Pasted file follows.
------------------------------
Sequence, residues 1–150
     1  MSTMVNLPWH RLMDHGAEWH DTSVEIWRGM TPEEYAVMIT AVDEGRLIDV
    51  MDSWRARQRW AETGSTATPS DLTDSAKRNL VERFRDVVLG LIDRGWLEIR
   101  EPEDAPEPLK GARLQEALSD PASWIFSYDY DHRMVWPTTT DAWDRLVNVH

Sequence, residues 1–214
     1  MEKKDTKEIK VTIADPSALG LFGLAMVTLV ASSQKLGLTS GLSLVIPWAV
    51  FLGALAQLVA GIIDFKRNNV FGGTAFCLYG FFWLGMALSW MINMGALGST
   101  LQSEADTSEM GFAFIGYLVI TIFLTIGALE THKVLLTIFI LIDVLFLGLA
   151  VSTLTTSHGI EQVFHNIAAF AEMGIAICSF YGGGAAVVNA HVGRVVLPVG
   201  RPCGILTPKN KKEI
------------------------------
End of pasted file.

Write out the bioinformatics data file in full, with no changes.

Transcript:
Sequence, residues 1–150
     1  MSTMVNLPWH RLMDHGAEWH DTSVEIWRGM TPEEYAVMIT AVDEGRLIDV
    51  MDSWRARQRW AETGSTATPS DLTDSAKRNL VERFRDVVLG LIDRGWLEIR
   101  EPEDAPEPLK GARLQEALSD PASWIFSYDY DHRMVWPTTT DAWDRLVNVH

Sequence, residues 1–214
     1  MEKKDTKEIK VTIADPSALG LFGLAMVTLV ASSQKLGLTS GLSLVIPWAV
    51  FLGALAQLVA GIIDFKRNNV FGGTAFCLYG FFWLGMALSW MINMGALGST
   101  LQSEADTSEM GFAFIGYLVI TIFLTIGALE THKVLLTIFI LIDVLFLGLA
   151  VSTLTTSHGI EQVFHNIAAF AEMGIAICSF YGGGAAVVNA HVGRVVLPVG
   201  RPCGILTPKN KKEI